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Clever Storage for Kitchen and Bath. continued

Keeping the Counters Clear

Problem: Your client uses every small kitchen appliance ever heard of but wants the countertops to be kept clear.

Solution: We like to design workspaces behind closed doors. A full-height pantry cabinet can be equipped inside with countertop, electrical outlets, and pullout breadboards for additional horizontal workspace. Most countertop kitchen appliances are designed to fit under upper cabinets placed 18 inches off the countertop, so be sure to allow at least that much space inside the pantry. Also, be sure to provide adequate clearance for heat-generating appliances such as toaster ovens.


Dogfood Drawer

Problem: Brutus, the 150-pound indoor dog, eats in the kitchen, and his food and supplies take up more space than those of your clients.

Solution: Create a special drawer for his food and scoop, as well as the leash, brush, and other supplies. This deep drawer can hold one large bag of kibble and should be placed close to the feeding station. If you want, you can put the food and water dishes in an adjacent pullout or toe-kick drawer: Pull it out at mealtime, and push it back when he's done. The kitchen will be less cluttered with no big bag or messy dishes to trip over.


Storing Everyday Dishware

Problem: Your clients' collection of fancy dishware is displayed on open shelves or in glass-front cabinets, so where do they store the everyday stuff?

Solution: Use a full-height pantry for storing dishes, not just food. Pullout shelves on full-extension slides make it easy to access dishes that are stored in back. These pantry cabinets are usually much deeper than a typical upper cabinet, and this allows for storage of big platters, chargers, and mixing bowls, as well as everyday dishes and glasses.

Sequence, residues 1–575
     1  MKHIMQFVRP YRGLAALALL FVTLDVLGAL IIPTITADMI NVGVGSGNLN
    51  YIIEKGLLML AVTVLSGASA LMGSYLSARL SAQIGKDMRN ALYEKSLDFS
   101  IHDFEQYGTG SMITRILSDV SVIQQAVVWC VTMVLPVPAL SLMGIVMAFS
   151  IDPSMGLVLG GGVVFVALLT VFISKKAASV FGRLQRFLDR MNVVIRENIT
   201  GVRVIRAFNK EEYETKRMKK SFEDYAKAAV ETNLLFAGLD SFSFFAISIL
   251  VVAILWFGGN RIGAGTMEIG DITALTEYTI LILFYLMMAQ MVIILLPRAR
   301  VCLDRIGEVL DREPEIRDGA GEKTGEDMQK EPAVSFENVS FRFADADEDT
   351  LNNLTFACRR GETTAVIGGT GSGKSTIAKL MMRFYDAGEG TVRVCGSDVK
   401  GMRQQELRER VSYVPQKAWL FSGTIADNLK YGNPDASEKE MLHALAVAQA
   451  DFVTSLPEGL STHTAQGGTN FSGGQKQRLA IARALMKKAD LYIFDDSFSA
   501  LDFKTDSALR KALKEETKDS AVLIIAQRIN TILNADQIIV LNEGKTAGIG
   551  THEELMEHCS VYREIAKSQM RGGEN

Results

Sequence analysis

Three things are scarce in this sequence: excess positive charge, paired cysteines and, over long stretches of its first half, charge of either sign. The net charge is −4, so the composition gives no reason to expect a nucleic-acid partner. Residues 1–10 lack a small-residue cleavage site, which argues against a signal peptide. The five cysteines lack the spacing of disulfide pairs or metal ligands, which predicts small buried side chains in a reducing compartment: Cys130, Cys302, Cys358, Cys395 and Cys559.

Just Like the Restaurant Kitchen

Problem: Your client is a professional chef and wants her home kitchen to be as functional as the restaurant kitchen.

Solution: Her restaurant kitchen is functional because everything is within reach, not behind doors or in drawers. Create open upper cabinets to stack cookware and serving plates. This approach can be decorative as well as functional if the dishware is attractive. An island can have open shelves for large pots and trays and can allow easy access to bins of vegetables stored there. The cook shouldn't have to turn around or walk to another area of the kitchen when all six burners of the professional range are in use, so hang utensils near the range for easy reach at crucial times.



Recycling Made Easier

Problem: Where do you put the recycling bins that are so common these days? After all, recycled items are often wet or dirty, so no one wants to haul them across the room.

Solution: The 24x36-inch space under the sink provides the solution. This pullout puts two bins in the work area, right where the client needs them. The standard 10x14 trash cans rest on a pullout attached to the back of a drawer front that looks like a pair of doors. The cans are mounted sideways to clear the plumbing, and there's room left over to store shorter items in back.


Making the Most of the Lav Cab

Problem: The client wants drawer and shelf storage in a vanity, but the sink bowl and plumbing are in the way.

Solution: One of our cabinet subs suggested this bathroom vanity, which has a 5-inch-deep drawer on the bottom behind the cabinet door. On top of the drawer is a shelf for storing taller items, making them easier to reach than if they were on the floor of the cabinet. The drawer keeps smaller items organized and off the countertop, and it can be made deep enough to store extra toilet paper. There could just as easily be more than one drawer, or the drawer could be accessible without opening the door.


Blind Corner Engineering

Problem: What do you do with blind inside corners in the base cabinets?

Solution: Everyone knows about the lazy susan, but some of our clients prefer Häfele's dual-function slide-out (800/667-8721, This trick gizmo especially appeals to our engineer clientele. One wire storage unit is attached to the door, so that when the cabinet door opens, it comes out into the room, pulling another wire storage unit out of the dead space and into the cavity left by the unit attached to the door. The door unit can then open another 180 degrees to make access to the inside unit easier. I don't recommend these blind corner units for heavy things like canned food, but they're suitable for lighter items.


Susan Davisis co-owner with her husband, Bob, of Spectrum Fine Homes, Inc., in Mountain View, Calif.